For his S/S 2011 collection, Duro flipped easily back and forth between retro silhouettes and modern bright pop-like references, incorporationg the saturated colours of tribes in Papua New Guinea and the ever present influence of his Nigerian and Jamaican heritage.
I spoke briefly to him and was overwhelmed by his charming positive attitude. His aura reflects the joie de vivre that shows in his collections.
Being proud of his roots, he is a leading example of how you can life your dream and that everything is possible.
Damir Doma is a modern nomade. His collections are inspired by his own way of living.
He was born in Croatia and grew up in the southern part of Germany. Same like me, he studied fashion design at ESMOD (L’ Ecole Supérieure des Arts et techniques de la Mode) in Munich and Berlin. He graduated in 2004 with magna cum laude for the best collection and worked after that in Antwerp for Raf Simons whom he sees as one of the most inspiring designers.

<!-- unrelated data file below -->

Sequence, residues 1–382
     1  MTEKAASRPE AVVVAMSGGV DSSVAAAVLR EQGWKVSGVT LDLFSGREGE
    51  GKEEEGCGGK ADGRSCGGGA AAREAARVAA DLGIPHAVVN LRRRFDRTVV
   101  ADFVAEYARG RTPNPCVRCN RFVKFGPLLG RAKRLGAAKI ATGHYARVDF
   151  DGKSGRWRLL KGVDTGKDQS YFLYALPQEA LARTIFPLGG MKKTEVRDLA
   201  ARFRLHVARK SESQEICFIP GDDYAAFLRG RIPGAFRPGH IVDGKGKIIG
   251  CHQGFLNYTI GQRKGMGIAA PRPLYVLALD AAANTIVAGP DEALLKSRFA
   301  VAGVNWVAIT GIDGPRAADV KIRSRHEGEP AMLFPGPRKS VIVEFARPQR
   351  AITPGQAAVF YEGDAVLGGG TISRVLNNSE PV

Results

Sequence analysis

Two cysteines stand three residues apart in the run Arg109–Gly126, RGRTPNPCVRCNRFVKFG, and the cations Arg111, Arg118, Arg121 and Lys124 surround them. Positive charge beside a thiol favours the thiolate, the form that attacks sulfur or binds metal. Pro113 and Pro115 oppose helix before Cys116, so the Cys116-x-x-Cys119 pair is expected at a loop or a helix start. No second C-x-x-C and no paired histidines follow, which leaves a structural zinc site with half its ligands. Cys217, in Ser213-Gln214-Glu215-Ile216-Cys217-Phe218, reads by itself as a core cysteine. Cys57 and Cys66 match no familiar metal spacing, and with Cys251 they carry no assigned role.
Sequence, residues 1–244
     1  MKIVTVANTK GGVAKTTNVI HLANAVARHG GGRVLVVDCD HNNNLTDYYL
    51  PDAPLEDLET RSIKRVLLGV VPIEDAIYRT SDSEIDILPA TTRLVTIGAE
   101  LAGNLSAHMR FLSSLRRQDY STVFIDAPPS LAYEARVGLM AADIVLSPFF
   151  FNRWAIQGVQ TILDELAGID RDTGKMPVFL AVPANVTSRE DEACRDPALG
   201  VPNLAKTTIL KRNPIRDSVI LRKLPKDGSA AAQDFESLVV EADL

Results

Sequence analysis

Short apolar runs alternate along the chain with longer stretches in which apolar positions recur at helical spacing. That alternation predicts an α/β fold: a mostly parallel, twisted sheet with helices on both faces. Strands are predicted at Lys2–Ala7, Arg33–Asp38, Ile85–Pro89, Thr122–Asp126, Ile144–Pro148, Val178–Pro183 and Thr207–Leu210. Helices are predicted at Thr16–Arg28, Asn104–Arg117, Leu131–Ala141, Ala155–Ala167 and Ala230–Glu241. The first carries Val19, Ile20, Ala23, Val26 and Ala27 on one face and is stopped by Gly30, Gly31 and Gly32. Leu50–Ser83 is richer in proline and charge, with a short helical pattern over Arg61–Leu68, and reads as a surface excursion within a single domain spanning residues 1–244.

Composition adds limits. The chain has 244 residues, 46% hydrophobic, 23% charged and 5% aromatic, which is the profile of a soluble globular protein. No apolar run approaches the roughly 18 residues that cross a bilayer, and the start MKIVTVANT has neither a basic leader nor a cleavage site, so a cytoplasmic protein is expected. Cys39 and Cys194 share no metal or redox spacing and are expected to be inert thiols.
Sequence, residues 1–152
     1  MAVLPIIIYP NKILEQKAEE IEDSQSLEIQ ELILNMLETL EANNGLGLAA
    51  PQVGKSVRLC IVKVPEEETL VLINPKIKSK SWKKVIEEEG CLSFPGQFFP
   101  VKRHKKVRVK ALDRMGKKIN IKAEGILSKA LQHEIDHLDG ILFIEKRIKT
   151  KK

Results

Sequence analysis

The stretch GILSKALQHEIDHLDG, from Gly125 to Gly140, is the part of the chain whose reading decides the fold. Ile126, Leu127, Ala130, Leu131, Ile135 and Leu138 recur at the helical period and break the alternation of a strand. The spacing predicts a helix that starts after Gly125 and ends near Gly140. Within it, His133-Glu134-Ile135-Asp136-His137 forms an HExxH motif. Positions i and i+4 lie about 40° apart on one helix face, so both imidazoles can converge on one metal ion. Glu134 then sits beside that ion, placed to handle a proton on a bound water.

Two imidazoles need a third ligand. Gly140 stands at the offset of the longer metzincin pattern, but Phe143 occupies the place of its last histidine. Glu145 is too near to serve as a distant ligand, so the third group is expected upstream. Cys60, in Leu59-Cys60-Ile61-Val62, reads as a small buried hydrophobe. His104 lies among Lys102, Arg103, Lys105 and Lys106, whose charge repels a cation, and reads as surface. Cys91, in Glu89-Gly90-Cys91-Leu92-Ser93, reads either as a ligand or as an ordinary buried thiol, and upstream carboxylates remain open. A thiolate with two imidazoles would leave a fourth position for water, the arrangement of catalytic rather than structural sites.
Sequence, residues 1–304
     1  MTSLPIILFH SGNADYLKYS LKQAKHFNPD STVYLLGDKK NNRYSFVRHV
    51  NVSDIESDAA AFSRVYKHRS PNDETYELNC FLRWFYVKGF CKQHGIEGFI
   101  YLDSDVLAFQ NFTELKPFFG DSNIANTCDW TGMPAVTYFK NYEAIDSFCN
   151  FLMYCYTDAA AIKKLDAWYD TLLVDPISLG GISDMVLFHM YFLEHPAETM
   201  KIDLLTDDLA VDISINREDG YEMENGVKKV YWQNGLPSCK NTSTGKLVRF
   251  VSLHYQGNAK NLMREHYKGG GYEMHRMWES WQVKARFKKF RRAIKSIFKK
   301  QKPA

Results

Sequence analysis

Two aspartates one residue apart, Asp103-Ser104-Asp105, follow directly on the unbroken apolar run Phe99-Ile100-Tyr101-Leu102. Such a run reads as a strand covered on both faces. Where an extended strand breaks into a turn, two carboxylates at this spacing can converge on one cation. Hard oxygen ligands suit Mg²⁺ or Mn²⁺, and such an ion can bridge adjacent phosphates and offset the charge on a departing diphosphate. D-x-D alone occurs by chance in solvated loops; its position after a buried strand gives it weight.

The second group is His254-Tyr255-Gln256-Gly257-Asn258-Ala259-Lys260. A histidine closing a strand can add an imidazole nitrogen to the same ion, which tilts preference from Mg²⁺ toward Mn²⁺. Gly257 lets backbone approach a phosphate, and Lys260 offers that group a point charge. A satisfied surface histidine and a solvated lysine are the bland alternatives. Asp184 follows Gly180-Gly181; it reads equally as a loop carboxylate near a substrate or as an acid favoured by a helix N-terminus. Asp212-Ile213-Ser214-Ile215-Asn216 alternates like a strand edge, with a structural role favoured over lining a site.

In 2006 he started his label with menswear, followed this year by his first collection for women. He is widely considered the most improtant German fashion designer of his generation.
I don’t like the body to adapt to the clothes, it should be vice-versa. I love soft materials and flowing volume. I grew up in my mother’s atelier and was playing with fabric starting in my early childhood. That might be the reason why fabrics play such an important role for me.
Adam Kimmel stands for the American way of life, uniting the worker and the artist. As he states himself; it’s all about giving the industrial style profile by infusing relaxed elegance.
He studied architecture, completed then later an apprenticeship with an Italian samples manufacturer before launching his debut label in 2002.
The New Yorker designer received standing ovations for the presentation of his S/S 2011 collection last night. The usually more quiet Swiss audience cheered from the first moment when the sounds of Snoop Dogg echoed in the hall.
The Snoop looky-likeys paraded down the aisle in a perfect mixture of hip-hop style elements produced in the finest Italian cashmere. I am sure Snoop would love it.
Later at the after party at Moods, Adam told me more:
I saw the Wall Street Journal including something about Snoop Dogg and got immediately inspired to create this collection.
As we could not bring the models to Switzerland, we did a fun street casting in Zurich before to find the best bad boys.
The final show last night was the one of last year’s Swiss Textiles Award 2009 winner Alexander Wang.
Stay tuned as I did a fantastic detailed interview with him which will soon be published here.